By Eddie McDonald, Columnist
All Elite Wrestling got the wrestling world buzzing in October when they launched “Dynamite,” a weekly two-hour show aired on TNT.
Many fans were excited for this as it provided another option of wrestling to watch other than WWE. There was a ton of hype from the fans of AEW as they had launched pay-per-views before Dynamite aired, some without the AEW backing.
So with a new program emerging with many talented wrestlers, fans were talking about the revitalization of the “Monday Night Wars” which featured WWE vs WCW in an all-out war. Now, since Dynamite airs on Wednesday, it airs against NXT, the third brand of WWE. NXT has been airing on the WWE Network for years now but has gone live opposite of Dynamite. To rile up AEW, NXT was launched two weeks prior to Dynamite.
So with this new start-up company, there are things I like that they do and things I really dislike and can’t stand.
Let’s start with what I do like. Darby Allin is incredibly fun to watch inside (or outside) the ring. His character resembles Jeff Hardy a lot, which isn’t a bad thing. A lot of times I’m more drawn to innovative high flyers and Allin is just that.
How many wrestlers can simple stand in a ring with their hands in their pockets and get the loudest pop of the night? Not very many, but one in AEW that I love can, and that’s Orange Cassidy. His whatever mentality is hilarious and that also helps him get over huge with the crowds no matter where the event is or what he’s doing.
When the signing was announced of Wardlow, I was ecstatic. I have seen Wardlow up close and in person at independent events where I live. Here is a guy who has the size, speed and athleticism to be a big time player for AEW. He was once managed by my guy Justin LaBar and the two ruled the International Wrestling Cartel. If booked properly, Wardlow can be a World Champion down the road.
Another thing I like about AEW is the presentation. It feels like old school WCW in a good way here, with all the colors and pageantry. It reminds me of when I used to be enamored by the bright lights of pro wrestling when I was a child. There is a real familiar feeling when I see how they shoot their television show.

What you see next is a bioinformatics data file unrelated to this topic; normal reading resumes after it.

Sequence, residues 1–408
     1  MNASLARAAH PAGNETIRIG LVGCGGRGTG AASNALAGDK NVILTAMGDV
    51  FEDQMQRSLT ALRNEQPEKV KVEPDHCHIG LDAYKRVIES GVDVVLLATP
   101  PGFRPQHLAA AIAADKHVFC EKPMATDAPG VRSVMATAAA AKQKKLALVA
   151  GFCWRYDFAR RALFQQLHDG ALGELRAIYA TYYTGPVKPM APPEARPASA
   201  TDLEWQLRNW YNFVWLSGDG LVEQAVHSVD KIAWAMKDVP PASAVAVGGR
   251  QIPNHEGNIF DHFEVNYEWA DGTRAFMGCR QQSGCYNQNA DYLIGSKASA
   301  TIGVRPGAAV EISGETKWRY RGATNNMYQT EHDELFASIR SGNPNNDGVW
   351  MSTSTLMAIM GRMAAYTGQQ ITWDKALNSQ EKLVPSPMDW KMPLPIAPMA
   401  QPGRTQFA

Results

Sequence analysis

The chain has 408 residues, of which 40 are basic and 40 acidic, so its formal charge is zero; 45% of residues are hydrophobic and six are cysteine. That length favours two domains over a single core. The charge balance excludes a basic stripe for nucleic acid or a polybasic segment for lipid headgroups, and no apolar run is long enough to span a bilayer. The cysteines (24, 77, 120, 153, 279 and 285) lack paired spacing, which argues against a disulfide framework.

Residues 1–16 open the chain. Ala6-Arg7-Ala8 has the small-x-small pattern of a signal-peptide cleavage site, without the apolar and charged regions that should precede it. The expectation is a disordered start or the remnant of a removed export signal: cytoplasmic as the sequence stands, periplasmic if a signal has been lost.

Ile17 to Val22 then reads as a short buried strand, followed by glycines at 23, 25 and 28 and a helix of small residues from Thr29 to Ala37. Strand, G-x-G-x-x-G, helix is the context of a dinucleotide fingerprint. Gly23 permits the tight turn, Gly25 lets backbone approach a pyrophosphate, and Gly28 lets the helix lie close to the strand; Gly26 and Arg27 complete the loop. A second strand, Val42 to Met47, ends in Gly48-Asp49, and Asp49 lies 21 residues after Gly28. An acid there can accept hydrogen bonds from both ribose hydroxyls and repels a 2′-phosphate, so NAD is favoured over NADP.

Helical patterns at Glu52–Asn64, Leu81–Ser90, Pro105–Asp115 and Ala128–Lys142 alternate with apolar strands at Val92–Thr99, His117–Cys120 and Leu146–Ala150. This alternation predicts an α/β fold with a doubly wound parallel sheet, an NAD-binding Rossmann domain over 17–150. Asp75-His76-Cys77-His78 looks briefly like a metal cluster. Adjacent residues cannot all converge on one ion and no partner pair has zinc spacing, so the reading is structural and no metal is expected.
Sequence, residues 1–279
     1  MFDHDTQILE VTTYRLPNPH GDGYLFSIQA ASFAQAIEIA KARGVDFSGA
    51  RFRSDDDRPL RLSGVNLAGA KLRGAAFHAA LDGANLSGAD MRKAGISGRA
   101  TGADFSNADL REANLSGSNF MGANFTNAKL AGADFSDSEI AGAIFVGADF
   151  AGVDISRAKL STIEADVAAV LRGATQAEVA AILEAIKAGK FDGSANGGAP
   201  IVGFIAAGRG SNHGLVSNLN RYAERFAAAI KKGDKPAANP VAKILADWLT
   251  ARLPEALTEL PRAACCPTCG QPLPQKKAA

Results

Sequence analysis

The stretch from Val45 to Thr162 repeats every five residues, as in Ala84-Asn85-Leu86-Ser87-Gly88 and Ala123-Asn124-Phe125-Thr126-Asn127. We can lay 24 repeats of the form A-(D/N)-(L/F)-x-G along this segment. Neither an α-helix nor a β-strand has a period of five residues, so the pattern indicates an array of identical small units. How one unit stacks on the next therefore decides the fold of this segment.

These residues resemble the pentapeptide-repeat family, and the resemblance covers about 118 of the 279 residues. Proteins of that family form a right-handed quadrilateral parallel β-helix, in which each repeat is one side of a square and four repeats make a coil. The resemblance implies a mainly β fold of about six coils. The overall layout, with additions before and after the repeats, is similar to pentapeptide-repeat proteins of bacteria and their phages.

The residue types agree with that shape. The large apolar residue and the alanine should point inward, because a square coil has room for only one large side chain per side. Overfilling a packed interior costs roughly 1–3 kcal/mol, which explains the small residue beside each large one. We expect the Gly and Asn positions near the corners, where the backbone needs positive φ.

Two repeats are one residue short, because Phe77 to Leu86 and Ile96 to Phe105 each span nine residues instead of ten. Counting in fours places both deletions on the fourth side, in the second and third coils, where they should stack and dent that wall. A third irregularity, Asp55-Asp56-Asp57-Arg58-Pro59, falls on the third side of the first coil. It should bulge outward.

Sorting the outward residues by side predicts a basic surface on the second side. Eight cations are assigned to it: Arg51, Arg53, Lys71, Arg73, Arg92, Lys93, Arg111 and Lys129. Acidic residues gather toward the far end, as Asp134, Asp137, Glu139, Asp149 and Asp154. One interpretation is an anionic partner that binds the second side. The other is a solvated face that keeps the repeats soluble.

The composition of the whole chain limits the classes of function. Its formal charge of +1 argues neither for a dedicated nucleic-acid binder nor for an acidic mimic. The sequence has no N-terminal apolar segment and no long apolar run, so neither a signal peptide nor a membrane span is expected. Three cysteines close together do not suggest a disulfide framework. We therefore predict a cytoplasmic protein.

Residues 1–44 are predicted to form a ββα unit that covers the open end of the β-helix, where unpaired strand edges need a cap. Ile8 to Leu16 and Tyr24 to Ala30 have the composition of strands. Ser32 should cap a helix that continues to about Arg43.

While the division as a whole is not booked in the best way, AEW does have two women that I enjoy watching One is Britt Baker, who uses her real-life dentist job in her gimmick. Baker is another IWC alum and one of the nicest people I’ve talked to in the wrestling industry. Big Swole is a favorite of mine as well She has a unique move set and brings a fiery charisma to the table.
Now, let’s get to what I dislike about AEW.
First and foremost, it is the fan base. There are some AEW fans out there that are so absorbed in rooting for this company, that they become highly hypocritical and just ignore logic. This is certainly not all fans of AEW, but a vast majority of them. The biggest fan out there, and I’m sure I’ll get some backlash for this one, is Dave Meltzer. Dave is a highly touted wrestling journalist and is quite the pro wrestling historian. He has been publishing the Wrestling Observer Newsletter since 1983. He’s seen and covered a ton of wrestling over the years.
Here’s why myself, along with many others, have an issue with Meltzer. It’s the fact that he rarely, if ever, craps all over anything AEW does. Now sure, he’s criticized some of what they have done, but for 90% of the time, it’s been all praise. On the flipside, it always seems like Meltzer and his cohost Brian Alvarez crap on any decision the WWE makes. By no means is WWE perfect, they aren’t, but the way these two talk about the company would make it seem like they are the scum of the earth.
Some AEW fans and wrestling fans in general are under the impression that WWE talent who are unsatisfied are being held hostage and would thrive in AEW. That of course is going to be true in some instances, but not everyone that doesn’t get the opportunities in WWE want to leave or need to go to AEW. Guys like Rusev and The Revival would do wonders for AEW and likely get to be used to their fullest potential with a little more creative freedom.